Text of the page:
Morrison, a leading expert on serial killers, has spent as many as 400 hours alone with depraved murderers. In My Life Among the Serial Killers, Dr. Morrison relates how she profiled Richard Otto Macek, who chewed on his victims' body parts, stalked Dr. Morrison, then believed she was his wife. She conducted the last interview with Ed Gein, the inspiration for Alfred Hitchcock's Psycho. John Wayne Gacy, the clown-obsessed killer of young men, sent her crazed Christmas cards, and gave her his paintings as presents. Dr. Morrison has received letters from killers, read their diaries and journals, evaluated crime scenes, testified at their trials, and studied photos of the gruesome carnage. She has interviewed the families of the victims, and the spouses and parents of the killers.
Through it all, Dr. Morrison's goal has been to discover the reasons why serial killers are compelled to murder, how they choose their victims, and what we can do to prevent their crimes in the future. Her provocative conclusions will stun you.
©2004 Helen Morrison and Harold Goldberg; (P)2004 HarperCollins Publishers, Inc.
While the book initially captured my interest, I soon developed a dislike for Helen Morrison. While she claims to take a "scientific" approach to serial killers, she provides nothing but untestable theories. These include the notion that childhood suppositories contributed to John Wayne Gacy's crimes, yet, one day we will be able to use genetic screens to eradicate serial killing. She never provides justification for her belief that such killers are not responsible for their actions, save the occasional vague, Freudian term. I am not arguing that the book is boring, just infuriating.
I thought this was a very interesting book which gave a lot of insight into what might make a serial killer's mind tick. The author seemed to me to be very knowledgeable and objective in her writing and there was probably only one point that I might have disagreed with and that is that serial killers are born that way. If you like psychology this is very interesting but it's not for the weak stomached because it does go into some detail about the crimes that are very unpleasant.
I expected a combination of the prurient and the sociological in this book, what I found was a series of paper-thin psychological profiles and an alarming call for genetic testing in childhood to determine who is a serial killer - not quite that simple a case, I admit, but not far from it...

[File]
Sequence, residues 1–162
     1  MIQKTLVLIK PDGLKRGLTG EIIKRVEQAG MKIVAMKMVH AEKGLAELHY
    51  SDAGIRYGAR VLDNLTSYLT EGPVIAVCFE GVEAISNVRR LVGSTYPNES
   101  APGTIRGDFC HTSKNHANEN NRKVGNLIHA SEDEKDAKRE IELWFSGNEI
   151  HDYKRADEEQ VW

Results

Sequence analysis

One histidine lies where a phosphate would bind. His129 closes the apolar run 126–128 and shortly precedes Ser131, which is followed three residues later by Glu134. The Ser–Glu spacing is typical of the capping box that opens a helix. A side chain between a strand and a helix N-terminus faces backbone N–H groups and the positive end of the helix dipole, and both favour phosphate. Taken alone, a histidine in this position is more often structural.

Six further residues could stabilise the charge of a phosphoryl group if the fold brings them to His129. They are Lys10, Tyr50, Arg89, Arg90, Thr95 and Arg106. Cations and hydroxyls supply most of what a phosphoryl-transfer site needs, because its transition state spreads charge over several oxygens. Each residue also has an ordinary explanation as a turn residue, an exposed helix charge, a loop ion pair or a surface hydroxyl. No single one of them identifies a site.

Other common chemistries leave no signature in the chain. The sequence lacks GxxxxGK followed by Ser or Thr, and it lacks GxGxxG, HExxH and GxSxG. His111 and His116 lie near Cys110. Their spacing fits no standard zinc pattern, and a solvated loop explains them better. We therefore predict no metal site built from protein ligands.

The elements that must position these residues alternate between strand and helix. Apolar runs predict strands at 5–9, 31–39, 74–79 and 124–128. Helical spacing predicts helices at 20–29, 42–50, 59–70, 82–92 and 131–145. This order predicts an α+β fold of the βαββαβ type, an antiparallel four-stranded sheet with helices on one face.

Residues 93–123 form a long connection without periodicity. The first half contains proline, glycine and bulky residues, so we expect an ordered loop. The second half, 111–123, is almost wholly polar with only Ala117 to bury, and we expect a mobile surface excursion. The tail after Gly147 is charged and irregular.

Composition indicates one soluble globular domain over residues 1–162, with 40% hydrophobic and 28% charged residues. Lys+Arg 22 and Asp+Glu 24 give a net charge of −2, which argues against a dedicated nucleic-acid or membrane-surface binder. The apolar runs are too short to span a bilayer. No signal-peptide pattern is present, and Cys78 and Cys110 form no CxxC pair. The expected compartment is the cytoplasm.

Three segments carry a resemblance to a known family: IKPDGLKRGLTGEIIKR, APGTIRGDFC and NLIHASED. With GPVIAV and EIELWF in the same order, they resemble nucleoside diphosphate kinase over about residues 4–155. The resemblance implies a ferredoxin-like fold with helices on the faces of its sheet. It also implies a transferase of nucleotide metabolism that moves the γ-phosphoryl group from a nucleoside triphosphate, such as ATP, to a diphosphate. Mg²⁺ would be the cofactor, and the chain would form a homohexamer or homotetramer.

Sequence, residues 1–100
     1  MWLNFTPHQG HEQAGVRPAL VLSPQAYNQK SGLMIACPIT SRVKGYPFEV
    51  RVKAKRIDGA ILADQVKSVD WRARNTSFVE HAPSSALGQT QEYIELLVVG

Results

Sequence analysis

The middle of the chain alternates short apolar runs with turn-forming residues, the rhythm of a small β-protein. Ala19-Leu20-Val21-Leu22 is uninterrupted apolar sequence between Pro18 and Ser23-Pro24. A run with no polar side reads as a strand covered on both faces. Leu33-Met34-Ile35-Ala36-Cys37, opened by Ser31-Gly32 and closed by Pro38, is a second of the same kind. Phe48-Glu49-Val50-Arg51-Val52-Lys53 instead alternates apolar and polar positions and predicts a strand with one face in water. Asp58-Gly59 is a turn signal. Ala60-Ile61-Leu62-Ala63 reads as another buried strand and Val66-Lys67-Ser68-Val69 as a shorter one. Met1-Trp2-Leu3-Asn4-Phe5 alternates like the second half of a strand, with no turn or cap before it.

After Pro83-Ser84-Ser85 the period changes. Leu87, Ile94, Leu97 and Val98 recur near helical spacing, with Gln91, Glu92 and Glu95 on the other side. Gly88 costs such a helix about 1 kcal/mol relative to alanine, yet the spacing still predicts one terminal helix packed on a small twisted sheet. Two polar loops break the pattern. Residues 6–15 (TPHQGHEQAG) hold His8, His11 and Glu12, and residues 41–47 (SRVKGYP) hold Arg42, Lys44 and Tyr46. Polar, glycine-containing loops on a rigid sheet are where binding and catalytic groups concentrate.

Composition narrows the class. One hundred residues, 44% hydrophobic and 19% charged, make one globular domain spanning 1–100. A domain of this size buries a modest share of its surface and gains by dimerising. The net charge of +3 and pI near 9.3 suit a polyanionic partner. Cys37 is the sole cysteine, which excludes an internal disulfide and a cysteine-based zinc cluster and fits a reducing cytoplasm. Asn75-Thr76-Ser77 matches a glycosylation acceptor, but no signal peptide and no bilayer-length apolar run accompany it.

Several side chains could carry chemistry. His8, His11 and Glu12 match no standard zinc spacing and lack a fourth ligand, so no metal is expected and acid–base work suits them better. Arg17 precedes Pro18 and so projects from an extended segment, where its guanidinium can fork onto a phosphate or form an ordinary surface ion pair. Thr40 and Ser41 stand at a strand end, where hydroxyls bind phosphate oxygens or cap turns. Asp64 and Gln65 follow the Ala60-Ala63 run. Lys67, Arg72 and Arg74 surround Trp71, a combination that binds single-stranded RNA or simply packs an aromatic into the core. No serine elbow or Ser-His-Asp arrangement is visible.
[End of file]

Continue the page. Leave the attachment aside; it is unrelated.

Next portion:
The title of this work is a bit misleading. It's a little short on both the author's life and the serial killer aspect. While there are some interesting observations, I got tired of the author reassuring readers that she won't share her experiences with her kids. <yawn>
I appreciate the clinical detail provided! It lends to the credibility and authenticity of the author's narrative, as opposed to other "true crime" series, that derived from media reports.
Morrison's research and narrative are as fascinating as perhaps they are disturbing. Society in general seems to crave the mystery and intrigue of stories about murder and the criminals who commit murder, as entertainment. Most murder mystery movies and books are fiction. I love the impact of true accounts shared here intelligently by Dr Morrison, sobering, shocking and quite informative. Anyone who loves Forensic File type of story telling as much as I do, will love this recording.
X Files Freak
This book was interesting, but a bit scary. I think it's scary cause serial killers look like everyone else. It's their thinking their actions that sets them apart. The ones described in this book had no feelings or conscience about those they harmed or killed. Several felt as if they were superior to their victims and most everyone else.
The book provided some interesting insights into the personality of serial killers. Their interaction with the author during interviews was fascinating. Unfortunately, the book had parts that were surplusage, including passages about the author's personal life that were uneccessary and trite. Overall the book lacked a focus and intensity appropriate to the subject.
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